Traffic and Trucks and Things you See Along the Road

Something that impressed me was the art on the trucks. This is all over India, though the level of detail can vary from place to place. I got a few photos when I was in Rajasthan.






Note how the back of the trucks say “Horn Please” or “Blow Horn.” Traffic works rather differently than it does in the States. There is constant horn blowing, though it is not angry or malicious; rather it is a form of communication between drivers. Sujal says most asian countries do not queue, and this would explain what Indians tend not to stay in their lanes when driving. Lesa describes it (as it was described to her), and India flows like a river (traffic, people, etc) — if something stops or gets stuck, the flow just goes around it. That is definitely the case in traffic. There are cars, trucks, bicyclists, autorickshaws, bicycle rickshaws, moped and motorbikes, and pedestrians, all trying to move along. Clearly, they move at different speeds. They all compete for places on the road, and so the horn becomes necessary to say, “I am coming up behind you on the left.” In general, I think Indian drivers are much more aware of what is happening on the road than American drivers. Since Indian drivers swerve and weave more than Americans, they need to know where other vehicles are and where open spaces are. They need to have a sense of how fast the other vehicles in traffic re traveling. Though many foreigners view this as “crazy driving,” it makes sense to me.

I also like the building as billboard approach. No space is wasted for advertising. This was also very true in Kerala.


Finally, so many times I saw overstuffed vehicles — a moped with a family of five, autorickshaws spilling over with passengers, and then there was this example, not uncommon to see on the roads:


When I went to Jaipur, my sister was nervous about Chauhan and me driving on the highway, because she said the trucks are very dangerous, that they often have inexperienced drivers. She said the highway in Haryana is particularly bad. Chauhan and I did see the aftermath of a bad accident on the Noida highway. Often I saw overturned trucks and smashed cars, but this one time, we saw a body being carried off. Chauhan said the man was dead.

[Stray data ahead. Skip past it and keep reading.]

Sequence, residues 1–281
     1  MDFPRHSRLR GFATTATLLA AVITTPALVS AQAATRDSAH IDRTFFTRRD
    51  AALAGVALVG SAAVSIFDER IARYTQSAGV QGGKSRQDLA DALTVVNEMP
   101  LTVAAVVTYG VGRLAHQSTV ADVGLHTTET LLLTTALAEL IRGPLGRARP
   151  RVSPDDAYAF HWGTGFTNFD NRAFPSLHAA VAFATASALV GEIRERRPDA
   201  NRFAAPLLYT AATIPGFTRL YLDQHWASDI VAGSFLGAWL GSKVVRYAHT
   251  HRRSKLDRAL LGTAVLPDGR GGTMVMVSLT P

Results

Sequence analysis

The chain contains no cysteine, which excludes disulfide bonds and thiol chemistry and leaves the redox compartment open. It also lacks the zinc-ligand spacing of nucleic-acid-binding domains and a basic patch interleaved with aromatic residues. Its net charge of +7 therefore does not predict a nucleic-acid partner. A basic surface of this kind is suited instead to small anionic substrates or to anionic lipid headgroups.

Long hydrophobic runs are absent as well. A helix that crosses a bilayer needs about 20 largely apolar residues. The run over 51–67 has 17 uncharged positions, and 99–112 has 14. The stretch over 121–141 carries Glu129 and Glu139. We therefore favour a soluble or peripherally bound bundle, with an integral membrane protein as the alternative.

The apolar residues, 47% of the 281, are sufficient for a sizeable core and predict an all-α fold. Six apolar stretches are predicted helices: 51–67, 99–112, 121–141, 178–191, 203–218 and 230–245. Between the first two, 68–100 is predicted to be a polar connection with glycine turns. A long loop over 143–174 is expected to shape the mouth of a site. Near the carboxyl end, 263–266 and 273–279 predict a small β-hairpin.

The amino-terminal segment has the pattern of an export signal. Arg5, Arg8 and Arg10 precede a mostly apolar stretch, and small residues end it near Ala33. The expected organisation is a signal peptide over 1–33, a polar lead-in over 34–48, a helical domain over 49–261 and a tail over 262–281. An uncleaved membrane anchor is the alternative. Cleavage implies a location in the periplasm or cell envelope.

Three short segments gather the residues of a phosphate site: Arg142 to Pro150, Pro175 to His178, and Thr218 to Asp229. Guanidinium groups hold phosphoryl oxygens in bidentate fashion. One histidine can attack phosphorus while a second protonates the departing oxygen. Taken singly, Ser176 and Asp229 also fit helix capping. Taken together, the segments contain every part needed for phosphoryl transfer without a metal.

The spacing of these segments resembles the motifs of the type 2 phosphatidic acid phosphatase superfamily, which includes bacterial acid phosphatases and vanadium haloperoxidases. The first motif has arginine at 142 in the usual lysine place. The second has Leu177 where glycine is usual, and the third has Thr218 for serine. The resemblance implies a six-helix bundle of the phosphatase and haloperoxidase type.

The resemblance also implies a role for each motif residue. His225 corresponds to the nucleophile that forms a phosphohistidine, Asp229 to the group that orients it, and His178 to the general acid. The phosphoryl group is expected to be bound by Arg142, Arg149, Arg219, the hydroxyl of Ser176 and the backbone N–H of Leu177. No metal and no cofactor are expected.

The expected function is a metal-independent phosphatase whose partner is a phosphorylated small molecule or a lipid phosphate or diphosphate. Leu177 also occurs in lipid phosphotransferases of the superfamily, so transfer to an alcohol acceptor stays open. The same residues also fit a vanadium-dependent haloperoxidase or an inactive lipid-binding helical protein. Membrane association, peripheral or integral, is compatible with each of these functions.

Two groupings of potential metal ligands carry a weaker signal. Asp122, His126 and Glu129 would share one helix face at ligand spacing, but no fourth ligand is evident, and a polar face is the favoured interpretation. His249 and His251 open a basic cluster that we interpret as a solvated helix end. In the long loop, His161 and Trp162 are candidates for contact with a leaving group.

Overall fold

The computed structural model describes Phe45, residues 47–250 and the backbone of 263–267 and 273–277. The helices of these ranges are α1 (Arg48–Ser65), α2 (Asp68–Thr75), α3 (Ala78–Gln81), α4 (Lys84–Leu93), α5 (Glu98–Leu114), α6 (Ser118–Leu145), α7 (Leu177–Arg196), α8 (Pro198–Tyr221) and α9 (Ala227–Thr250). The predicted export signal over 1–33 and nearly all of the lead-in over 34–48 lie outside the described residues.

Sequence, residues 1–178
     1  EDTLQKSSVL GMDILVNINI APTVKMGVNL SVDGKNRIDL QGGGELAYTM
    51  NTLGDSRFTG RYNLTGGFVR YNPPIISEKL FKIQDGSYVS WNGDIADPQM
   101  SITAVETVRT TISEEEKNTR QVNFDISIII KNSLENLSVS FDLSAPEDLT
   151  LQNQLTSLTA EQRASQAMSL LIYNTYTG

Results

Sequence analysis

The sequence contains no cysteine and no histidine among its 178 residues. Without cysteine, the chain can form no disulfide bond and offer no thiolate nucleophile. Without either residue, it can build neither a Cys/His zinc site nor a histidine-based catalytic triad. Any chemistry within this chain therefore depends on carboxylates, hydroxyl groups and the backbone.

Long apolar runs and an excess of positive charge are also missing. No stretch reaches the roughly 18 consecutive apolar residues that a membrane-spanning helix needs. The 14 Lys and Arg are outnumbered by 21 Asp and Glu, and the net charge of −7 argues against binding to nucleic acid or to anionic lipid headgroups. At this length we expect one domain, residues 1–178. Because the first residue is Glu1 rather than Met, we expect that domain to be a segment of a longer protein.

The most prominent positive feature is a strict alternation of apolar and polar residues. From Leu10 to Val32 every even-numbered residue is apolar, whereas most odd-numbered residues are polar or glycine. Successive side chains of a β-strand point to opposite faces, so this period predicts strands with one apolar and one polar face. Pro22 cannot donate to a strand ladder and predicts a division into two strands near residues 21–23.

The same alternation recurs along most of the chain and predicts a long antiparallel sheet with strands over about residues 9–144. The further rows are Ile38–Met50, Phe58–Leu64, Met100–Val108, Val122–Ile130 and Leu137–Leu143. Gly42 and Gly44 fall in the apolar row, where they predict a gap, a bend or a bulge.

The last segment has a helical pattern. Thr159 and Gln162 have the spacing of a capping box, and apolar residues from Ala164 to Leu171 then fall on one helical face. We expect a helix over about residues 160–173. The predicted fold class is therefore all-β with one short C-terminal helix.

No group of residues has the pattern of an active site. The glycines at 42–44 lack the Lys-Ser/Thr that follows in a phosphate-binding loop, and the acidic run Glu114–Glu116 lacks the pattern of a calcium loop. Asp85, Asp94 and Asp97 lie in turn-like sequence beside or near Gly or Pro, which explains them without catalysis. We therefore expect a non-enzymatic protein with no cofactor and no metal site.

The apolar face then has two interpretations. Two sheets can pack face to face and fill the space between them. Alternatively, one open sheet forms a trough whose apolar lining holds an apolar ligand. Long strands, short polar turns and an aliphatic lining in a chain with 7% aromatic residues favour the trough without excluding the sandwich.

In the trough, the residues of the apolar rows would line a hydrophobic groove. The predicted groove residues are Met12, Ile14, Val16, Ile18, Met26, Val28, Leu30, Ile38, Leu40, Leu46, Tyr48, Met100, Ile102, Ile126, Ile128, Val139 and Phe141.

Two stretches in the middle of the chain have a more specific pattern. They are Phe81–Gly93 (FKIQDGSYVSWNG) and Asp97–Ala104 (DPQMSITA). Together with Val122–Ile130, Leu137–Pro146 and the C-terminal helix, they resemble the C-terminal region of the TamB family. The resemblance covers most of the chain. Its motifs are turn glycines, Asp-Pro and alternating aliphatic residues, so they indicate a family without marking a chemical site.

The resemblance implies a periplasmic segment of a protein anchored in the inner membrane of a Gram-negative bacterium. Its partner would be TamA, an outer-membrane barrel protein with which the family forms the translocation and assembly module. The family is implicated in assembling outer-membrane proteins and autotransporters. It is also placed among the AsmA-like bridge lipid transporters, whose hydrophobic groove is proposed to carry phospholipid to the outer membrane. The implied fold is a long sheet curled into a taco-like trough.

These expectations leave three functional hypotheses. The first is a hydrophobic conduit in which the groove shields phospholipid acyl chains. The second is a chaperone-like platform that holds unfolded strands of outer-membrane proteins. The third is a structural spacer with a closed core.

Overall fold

Let me reassure you that Chauhan is a very skilled driver, probably the best driver I have ever encountered. But still, he can only control his own vehicle, so when a bus swerved in front of us at the last moment, our accident was inevitable. Luckily, we were moving at a low speed. When we hit the bus, we ricocheted off of it and then hit the median. Chauhan got out to talk to the bus driver, and the driver denied any wrongdoing. I’m not sure how most accidents are handled, but I get the impression that insurance information being exchanged is not the norm. Chauhan got back in the car and we drove off. I could tell that he was nervous and upset, so I suggested we pull over at the next open dhaba (roadside open air restaurant). There he told me he was so angry, he wanted to slap the bus driver, but he didn’t because I was there. (Phew!)

I jumped out of the car — did I mention we had been driving through walls of rain? — and ran to the dhaba to get us Limcas. As I was trying to pay my Rs 50 tab in much confusion, Chauhan came up and clarified for me that I was trying to hand them a Rs 5 note. That was why they initially told me 50 rupees but then were angrily saying 45, 45. After a good laugh, Chauhan and I took a bit more time to calm down and then continue on our way.

Did I mention the eclipse? We left for Jaipur the morning of the eclipse, which was a big phenomenon in India. We did not get to see it in Noida because of the cloud cover, but Chauhan saw in Delhi. Many people saw it as a very holy event. Chauhan said it was bad luck to see it. He later blamed the accident on the eclipse.


Been Back Almost a Week

I have been adjusting to the time difference, and I thought I was pretty much back to US time, but yesterday was a tiring day, and today I am going to see Springsteen. I am a little worried about how I am going to manage to stay up. I can usually make it to 10:30 or 11, but we will be in traffic for a long time, too.

Anyway, woke early this morning and began checking out a few expat blogs. I read a bunch before I left for India and found Our Delhi Struggle, which I liked. I’m following them on Twitter, not that I check my Twitter feed often, which pisses Sujal off to no end. I went on Twitter this morning to make a snarky comment or two about the movie to which I was dragged last night, kicking and screaming, District 9. (Why bring your wife, who hates sci-fi movies, to a sci-fi movie, with a bunch of dudes? Just go see it with the dudes.) Nonetheless, The ODS folks posted a link to another blog, Same, but Different. They are either expats who once lived in Poland as well, or they are Polish expats. I could not tell, because it kind of sounded like they were ragging on Poland a bit. What is it with the Polish and India? I swear, it is a marriage made in heaven, and I should know. 😉

Ultimately, that blog lead me to American Expats in India, and I really loved their photos. Honestly, I really miss being in India. Yes, I was on vacation, and that makes anyplace really awesome, but there is a certain busy-ness, a buzz of activity, that makes India vibrant. I also miss being around my sister and her family.

Sweet Home West Hartford

I’ve been home now for going on five days. I have been somewhat jet-lagged, but not too badly. The temptation is great for me to merely lounge around in my last week before school, though I have plenty of work to do. My fans beckon for me to finish the tales on my travels (and by fans, I mean Leslie and Lesa).

A Day Trip Full of Temples and Ruins